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A Lane of Their Own: VDOT to Add Truck Climbing Lanes on I-81

Mon August 22, 2011 - Southeast Edition
Brenda Ruggiero

A new truck climbing lane is currently under construction in Virginia along Interstate 81 in Rockbridge County near Lexington.

The project is reportedly in line with a resolution passed by the Commonwealth Transportation Board in Oct. 2006 that directed the Virginia Department of Transportation (VDOT) to implement a program of safety improvements to I-81, including the construction of truck climbing lanes.

According to VDOT, about one dozen locations along steep grades on I-81 have been identified where climbing lanes would improve traffic flow and safety. The Rockbridge location was named as a top priority.

The contract was awarded to W.C. English Inc., of Lynchburg, and the project began on Feb. 25, 2009. Substantial completion has been set for Sept. 4, 2012. Bernie Davis is the project manager for English.

The full dollar amount for the project is $74.2 million, and funding is from both federal and state sources. The contract calls for grading, drainage, paving, box culverts and the construction of three bridges.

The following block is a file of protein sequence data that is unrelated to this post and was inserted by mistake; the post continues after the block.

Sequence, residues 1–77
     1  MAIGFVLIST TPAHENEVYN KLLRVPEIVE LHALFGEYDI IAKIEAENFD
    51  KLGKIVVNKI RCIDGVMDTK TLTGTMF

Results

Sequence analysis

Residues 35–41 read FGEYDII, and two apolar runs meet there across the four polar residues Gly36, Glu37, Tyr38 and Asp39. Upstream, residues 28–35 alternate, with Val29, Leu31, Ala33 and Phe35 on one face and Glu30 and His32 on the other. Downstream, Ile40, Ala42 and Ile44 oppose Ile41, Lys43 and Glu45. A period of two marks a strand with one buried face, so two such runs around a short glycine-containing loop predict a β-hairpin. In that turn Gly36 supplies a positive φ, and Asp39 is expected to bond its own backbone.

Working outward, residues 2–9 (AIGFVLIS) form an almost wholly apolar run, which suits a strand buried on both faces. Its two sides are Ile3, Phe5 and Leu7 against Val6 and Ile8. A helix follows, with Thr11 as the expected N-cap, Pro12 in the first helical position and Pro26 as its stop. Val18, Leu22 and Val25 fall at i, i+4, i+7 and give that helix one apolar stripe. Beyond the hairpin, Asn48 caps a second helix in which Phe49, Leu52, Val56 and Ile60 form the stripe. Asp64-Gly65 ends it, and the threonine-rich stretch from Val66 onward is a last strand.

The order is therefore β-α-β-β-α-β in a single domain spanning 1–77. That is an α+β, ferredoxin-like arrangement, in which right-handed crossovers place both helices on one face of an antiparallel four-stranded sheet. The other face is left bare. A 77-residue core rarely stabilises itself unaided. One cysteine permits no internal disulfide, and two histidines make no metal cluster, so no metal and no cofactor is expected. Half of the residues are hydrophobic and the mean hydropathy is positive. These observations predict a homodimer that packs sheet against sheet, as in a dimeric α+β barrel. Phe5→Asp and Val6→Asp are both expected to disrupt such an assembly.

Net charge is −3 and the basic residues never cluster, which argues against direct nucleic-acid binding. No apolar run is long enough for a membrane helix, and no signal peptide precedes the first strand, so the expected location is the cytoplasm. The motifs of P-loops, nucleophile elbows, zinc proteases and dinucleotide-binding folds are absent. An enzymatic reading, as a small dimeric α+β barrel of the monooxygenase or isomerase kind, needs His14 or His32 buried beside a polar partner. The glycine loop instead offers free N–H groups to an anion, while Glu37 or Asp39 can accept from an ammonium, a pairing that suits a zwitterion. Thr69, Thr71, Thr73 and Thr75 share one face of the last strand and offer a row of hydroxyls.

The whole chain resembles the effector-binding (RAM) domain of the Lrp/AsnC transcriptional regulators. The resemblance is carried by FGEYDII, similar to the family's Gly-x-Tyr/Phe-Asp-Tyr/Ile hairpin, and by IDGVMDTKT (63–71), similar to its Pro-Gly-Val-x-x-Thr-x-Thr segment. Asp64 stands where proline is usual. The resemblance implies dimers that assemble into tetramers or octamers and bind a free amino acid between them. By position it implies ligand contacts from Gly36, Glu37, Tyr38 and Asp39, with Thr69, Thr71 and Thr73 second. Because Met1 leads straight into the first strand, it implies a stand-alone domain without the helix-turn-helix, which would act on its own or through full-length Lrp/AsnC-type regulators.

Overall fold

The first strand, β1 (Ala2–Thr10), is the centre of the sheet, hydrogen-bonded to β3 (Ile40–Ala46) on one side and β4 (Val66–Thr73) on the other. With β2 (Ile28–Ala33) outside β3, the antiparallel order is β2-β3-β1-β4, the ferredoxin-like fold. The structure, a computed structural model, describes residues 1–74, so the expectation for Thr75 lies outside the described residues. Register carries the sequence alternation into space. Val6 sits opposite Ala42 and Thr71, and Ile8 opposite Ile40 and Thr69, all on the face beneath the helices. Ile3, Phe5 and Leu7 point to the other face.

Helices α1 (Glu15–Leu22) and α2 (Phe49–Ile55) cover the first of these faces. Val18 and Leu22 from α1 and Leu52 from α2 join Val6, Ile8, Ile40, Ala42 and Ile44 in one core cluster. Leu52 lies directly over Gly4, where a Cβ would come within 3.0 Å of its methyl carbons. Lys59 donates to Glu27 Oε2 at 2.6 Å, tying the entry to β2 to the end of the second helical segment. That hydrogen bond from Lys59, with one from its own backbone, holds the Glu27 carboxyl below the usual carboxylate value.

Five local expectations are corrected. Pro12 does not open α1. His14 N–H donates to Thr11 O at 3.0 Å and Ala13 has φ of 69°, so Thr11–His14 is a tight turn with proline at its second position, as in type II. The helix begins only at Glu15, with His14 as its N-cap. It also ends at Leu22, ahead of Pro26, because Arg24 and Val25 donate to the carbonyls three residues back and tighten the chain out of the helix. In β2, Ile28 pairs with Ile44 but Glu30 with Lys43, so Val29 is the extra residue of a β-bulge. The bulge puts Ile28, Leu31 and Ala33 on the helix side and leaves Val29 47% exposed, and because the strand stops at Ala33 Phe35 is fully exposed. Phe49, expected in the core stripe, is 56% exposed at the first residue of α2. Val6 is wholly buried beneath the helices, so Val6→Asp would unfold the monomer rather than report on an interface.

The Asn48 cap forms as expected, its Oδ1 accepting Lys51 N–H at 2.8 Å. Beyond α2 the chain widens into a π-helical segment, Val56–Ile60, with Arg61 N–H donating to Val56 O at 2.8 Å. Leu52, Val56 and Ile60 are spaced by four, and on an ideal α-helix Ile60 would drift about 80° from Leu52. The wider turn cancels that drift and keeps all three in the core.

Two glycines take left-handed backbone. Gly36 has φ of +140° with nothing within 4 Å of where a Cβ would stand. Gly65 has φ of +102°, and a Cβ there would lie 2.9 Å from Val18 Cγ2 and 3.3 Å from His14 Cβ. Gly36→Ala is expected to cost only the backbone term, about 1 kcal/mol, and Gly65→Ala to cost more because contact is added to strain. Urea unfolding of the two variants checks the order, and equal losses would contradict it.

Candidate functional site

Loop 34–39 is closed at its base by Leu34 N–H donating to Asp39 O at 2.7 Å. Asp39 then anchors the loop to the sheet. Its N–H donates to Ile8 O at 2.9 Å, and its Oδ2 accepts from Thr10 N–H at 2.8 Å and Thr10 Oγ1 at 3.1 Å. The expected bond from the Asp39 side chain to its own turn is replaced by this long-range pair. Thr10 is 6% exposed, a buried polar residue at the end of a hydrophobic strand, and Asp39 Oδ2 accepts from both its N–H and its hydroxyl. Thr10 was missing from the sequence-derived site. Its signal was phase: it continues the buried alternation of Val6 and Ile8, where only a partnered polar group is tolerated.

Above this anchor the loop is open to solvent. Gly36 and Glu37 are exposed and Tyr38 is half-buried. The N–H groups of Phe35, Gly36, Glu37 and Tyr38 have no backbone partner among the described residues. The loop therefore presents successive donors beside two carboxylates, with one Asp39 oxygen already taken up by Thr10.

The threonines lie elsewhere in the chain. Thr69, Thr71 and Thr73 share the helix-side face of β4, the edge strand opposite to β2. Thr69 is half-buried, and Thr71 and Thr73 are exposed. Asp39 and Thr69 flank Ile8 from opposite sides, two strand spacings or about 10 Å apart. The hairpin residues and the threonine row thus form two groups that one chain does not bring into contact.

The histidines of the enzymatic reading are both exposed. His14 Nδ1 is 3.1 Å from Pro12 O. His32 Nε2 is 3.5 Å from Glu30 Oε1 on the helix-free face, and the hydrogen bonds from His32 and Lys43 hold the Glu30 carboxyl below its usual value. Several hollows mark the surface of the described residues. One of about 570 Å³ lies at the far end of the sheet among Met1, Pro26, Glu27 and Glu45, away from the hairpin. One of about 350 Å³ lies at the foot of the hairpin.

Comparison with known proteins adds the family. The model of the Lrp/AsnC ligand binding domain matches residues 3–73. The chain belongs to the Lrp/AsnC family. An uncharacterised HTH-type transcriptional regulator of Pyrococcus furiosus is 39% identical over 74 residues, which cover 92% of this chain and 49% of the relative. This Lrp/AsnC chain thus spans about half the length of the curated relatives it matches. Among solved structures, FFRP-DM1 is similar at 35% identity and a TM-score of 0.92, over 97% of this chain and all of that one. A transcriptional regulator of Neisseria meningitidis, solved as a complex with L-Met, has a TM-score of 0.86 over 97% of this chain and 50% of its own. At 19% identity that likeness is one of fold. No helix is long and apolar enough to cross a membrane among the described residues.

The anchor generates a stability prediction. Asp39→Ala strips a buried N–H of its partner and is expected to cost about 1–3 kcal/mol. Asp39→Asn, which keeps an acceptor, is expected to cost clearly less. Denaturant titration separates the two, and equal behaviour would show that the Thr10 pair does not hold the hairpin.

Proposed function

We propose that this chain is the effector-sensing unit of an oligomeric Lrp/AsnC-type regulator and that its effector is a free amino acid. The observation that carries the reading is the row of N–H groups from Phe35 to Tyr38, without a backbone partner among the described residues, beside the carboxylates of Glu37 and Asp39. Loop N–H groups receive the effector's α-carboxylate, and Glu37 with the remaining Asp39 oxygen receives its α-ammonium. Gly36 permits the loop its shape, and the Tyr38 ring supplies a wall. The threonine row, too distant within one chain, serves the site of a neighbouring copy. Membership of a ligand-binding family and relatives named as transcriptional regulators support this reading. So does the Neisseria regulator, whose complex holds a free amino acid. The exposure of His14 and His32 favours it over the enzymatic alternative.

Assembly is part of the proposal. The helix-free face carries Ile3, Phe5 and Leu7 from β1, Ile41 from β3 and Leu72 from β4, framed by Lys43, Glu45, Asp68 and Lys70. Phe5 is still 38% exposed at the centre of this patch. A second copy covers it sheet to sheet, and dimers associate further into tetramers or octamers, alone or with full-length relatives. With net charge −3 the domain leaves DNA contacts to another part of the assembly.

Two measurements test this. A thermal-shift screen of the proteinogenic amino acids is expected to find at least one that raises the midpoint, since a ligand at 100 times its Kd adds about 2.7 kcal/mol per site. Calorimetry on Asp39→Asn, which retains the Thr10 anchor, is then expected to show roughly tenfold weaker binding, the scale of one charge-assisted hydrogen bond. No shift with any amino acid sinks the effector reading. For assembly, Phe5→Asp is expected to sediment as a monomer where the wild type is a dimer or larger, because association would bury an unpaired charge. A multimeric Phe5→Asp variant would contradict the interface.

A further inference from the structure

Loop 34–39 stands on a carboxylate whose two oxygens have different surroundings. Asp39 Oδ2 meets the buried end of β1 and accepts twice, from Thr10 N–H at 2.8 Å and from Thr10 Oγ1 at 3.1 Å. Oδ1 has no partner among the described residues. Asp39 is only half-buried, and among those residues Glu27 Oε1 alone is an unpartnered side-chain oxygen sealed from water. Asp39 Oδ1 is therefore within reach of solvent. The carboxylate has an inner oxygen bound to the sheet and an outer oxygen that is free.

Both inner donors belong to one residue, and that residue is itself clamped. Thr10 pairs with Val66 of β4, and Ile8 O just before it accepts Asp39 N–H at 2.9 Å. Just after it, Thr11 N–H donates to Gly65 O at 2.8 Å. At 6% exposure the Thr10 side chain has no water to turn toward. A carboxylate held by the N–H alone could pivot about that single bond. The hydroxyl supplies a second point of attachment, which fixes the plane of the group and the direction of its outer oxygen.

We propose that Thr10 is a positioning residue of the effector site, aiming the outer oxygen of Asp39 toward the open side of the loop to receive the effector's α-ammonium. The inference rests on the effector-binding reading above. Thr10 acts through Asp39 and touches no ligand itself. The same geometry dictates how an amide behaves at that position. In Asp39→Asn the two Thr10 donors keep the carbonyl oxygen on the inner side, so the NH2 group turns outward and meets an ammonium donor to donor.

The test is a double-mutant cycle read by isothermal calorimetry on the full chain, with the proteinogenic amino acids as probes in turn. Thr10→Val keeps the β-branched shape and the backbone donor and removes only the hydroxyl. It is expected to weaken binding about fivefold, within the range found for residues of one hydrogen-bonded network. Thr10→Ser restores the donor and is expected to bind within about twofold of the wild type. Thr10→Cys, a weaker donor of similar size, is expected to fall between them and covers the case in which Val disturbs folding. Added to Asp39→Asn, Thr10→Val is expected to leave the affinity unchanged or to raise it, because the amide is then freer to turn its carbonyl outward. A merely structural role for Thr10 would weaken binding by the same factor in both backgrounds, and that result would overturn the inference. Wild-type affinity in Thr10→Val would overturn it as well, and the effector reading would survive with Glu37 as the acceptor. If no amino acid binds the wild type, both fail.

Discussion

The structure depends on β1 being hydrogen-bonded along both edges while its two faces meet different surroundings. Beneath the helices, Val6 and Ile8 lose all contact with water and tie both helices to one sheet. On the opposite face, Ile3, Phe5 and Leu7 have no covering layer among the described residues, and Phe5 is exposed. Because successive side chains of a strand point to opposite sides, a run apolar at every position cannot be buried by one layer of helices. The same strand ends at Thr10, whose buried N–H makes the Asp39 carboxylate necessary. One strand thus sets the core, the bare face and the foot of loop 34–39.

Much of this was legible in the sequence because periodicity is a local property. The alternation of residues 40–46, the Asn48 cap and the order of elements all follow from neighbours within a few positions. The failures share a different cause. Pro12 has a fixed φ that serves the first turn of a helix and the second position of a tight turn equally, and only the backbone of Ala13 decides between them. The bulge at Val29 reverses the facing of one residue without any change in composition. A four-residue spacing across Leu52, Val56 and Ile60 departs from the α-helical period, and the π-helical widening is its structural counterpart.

The project is located on the northbound lanes between mile marker 195.6 and 202.5. The 6.97-mi. (11.2 km) project will add the truck-climbing lane; replace the bridges at Route 716, Route 712 and Route 710; improve existing left and right shoulders; and upgrade guardrails, guardrail transitions and end treatments to meet current Federal Highway standards.

“This location on I-81 northbound has one of the longest and steepest uphill grades, higher than average crashes compared to other uphill grades, and low operating speeds for trucks within the VDOT Staunton District,” a VDOT spokesperson noted. “Truck climbing lane locations were identified in accordance with American Association of State Highway and Transportation Officials criteria during the corridor study conducted in the late 1990s.”

It was reported that the average traffic volume in this particular area was 45,500 vehicles per day in 2009. The average is projected to increase to 68,650 vehicles per day by 2029.

Approximately 80 people are assigned to the Design-Build project.

Davis reported that challenges include constructing the project in phases and working with the I-81 traffic.

Major subcontractors include Adams Construction Company, Ramirez Contractors LLC, Wilbur Smith Associates (QC), RK & K (QA), and AECOM USA Inc. (designers). CEG

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